Muharram (Muslim New Year) in Saudi Arabia ― Date, History, and Details

Muharram (Muslim New Year) in Saudi Arabia

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Let's dive deeper into learning more about the history of Muharram (Muslim New Year) in Saudi Arabia and why people celebrate or observe it.

History of Muharram (Muslim New Year) in Saudi Arabia and How to Celebrate/ Observe It

Muharram is the Muslim New Year, and it is celebrated in Saudi Arabia on the first day of the Islamic calendar. The Islamic calendar is a lunar calendar, so the date of Muharram changes from year to year. In Saudi Arabia, Muharram is a time for reflection and prayer. Many Muslims fast during the month of Muharram, and some participate in processions and mourning rituals.

The first ten days of Muharram are considered to be particularly holy, and many Muslims choose to spend this time in prayer and contemplation. The tenth day of Muharram is known as the Day of Ashura. On this day, Muslims remember the martyrdom of Imam Hussein, the grandson of the Prophet Muhammad. Imam Hussein was killed in battle, and his death is considered to be a symbol of the struggle against oppression.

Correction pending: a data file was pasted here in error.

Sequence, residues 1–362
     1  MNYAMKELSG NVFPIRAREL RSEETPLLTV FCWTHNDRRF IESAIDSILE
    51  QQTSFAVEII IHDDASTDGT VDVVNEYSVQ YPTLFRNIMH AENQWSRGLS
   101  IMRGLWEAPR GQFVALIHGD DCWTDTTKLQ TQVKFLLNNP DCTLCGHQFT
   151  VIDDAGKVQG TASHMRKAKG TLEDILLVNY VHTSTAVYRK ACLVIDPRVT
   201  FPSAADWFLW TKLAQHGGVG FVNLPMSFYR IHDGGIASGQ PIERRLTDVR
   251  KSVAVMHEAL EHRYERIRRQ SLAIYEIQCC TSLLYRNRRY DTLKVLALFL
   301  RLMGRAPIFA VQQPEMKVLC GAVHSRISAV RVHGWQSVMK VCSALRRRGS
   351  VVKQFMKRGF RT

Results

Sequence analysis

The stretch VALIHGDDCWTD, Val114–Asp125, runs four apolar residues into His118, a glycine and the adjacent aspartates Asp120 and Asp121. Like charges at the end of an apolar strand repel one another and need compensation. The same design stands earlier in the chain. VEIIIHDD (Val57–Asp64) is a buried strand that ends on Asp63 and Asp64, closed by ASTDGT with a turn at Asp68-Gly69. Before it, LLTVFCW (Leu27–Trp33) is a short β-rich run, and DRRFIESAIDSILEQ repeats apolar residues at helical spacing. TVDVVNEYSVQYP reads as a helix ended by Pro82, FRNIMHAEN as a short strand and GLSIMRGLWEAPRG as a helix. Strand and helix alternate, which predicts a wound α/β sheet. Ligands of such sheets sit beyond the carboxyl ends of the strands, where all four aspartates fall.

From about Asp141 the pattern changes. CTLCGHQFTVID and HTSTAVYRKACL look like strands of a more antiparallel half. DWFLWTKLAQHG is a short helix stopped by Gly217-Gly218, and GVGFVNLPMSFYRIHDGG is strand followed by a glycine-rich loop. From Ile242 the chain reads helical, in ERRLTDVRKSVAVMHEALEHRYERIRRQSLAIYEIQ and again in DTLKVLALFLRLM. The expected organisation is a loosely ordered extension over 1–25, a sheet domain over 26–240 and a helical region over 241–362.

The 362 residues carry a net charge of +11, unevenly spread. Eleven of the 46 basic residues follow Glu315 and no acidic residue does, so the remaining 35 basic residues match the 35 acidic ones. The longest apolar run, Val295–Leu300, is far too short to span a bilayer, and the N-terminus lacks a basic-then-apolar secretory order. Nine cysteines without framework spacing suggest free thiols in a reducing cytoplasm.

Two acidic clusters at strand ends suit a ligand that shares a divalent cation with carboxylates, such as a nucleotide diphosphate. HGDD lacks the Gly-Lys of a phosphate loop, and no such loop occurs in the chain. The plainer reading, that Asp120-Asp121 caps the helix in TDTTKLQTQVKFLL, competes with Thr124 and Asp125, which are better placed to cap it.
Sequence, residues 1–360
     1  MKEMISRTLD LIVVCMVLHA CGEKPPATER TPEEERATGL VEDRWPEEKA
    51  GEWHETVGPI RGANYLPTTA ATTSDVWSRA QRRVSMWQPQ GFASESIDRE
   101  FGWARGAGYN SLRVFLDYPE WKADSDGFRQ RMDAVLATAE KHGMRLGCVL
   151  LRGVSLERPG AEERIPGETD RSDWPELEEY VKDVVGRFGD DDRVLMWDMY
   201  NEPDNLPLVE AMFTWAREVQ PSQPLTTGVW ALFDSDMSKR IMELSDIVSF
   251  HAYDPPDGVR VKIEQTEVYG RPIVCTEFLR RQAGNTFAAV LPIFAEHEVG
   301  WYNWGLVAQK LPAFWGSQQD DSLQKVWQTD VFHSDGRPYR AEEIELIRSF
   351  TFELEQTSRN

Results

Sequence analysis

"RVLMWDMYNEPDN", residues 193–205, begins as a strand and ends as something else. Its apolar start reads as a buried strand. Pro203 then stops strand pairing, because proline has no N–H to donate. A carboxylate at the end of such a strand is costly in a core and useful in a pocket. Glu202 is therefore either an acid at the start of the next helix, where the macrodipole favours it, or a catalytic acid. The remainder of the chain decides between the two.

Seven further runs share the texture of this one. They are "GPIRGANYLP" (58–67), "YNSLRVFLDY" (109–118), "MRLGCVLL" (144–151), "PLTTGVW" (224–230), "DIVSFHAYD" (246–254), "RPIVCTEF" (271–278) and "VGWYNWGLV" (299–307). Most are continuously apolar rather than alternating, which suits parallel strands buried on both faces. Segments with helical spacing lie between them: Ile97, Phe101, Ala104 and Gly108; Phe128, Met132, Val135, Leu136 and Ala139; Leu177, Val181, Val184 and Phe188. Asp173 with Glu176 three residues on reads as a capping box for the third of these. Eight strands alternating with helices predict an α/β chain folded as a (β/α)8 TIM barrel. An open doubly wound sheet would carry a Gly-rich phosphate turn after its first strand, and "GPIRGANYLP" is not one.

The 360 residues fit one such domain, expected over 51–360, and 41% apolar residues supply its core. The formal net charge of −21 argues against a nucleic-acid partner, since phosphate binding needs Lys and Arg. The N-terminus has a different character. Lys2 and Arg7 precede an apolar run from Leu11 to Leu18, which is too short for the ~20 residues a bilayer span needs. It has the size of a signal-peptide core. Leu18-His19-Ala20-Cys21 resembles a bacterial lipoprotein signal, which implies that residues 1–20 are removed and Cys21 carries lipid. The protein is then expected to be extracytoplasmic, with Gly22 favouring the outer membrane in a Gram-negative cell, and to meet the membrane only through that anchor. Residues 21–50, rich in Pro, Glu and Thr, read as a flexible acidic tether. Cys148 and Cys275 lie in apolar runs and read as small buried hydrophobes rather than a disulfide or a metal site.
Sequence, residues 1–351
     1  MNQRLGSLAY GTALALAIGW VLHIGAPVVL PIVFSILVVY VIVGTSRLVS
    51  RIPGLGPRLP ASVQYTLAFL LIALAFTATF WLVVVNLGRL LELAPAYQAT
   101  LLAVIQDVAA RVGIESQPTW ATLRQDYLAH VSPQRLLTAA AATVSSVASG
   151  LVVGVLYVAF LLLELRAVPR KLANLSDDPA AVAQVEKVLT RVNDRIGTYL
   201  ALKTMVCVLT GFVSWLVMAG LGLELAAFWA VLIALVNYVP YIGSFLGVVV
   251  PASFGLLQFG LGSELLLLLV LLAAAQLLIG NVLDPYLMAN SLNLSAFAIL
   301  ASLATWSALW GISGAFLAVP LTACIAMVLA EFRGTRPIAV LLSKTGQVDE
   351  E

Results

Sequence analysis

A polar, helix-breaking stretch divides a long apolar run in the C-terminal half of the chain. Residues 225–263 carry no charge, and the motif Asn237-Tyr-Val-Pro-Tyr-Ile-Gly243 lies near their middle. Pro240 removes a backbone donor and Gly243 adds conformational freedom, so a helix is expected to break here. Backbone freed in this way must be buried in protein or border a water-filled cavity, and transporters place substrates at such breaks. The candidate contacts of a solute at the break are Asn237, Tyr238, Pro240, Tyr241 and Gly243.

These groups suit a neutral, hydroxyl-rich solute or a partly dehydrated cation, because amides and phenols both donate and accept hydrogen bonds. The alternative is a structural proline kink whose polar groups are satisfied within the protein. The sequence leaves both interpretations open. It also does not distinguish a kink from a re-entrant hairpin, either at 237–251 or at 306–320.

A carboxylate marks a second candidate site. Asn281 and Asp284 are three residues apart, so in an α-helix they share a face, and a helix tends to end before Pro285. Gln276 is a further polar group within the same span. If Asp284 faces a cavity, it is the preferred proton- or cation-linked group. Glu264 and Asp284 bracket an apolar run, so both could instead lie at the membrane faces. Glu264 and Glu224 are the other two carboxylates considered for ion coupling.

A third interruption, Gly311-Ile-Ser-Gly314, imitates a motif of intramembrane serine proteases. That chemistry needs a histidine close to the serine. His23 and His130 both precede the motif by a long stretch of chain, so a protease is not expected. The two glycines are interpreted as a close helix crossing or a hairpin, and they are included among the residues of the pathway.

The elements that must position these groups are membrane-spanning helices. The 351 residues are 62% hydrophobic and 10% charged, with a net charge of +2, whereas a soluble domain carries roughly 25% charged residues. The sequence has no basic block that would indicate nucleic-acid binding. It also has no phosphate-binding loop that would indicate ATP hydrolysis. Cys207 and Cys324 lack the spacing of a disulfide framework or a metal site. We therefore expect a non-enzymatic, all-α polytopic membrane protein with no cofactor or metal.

Many Muslims in Saudi Arabia observe the Day of Ashura with special prayers and demonstrations. Some wear black clothing and march in procession, while others beat their chests or flagellate themselves as a sign of mourning.

Muharram is a time of introspection and remembrance for Muslims in Saudi Arabia. By reflecting on the life and sacrifice of Imam Hussein, Muslims are reminded of the importance of standing up for justice and fighting against oppression.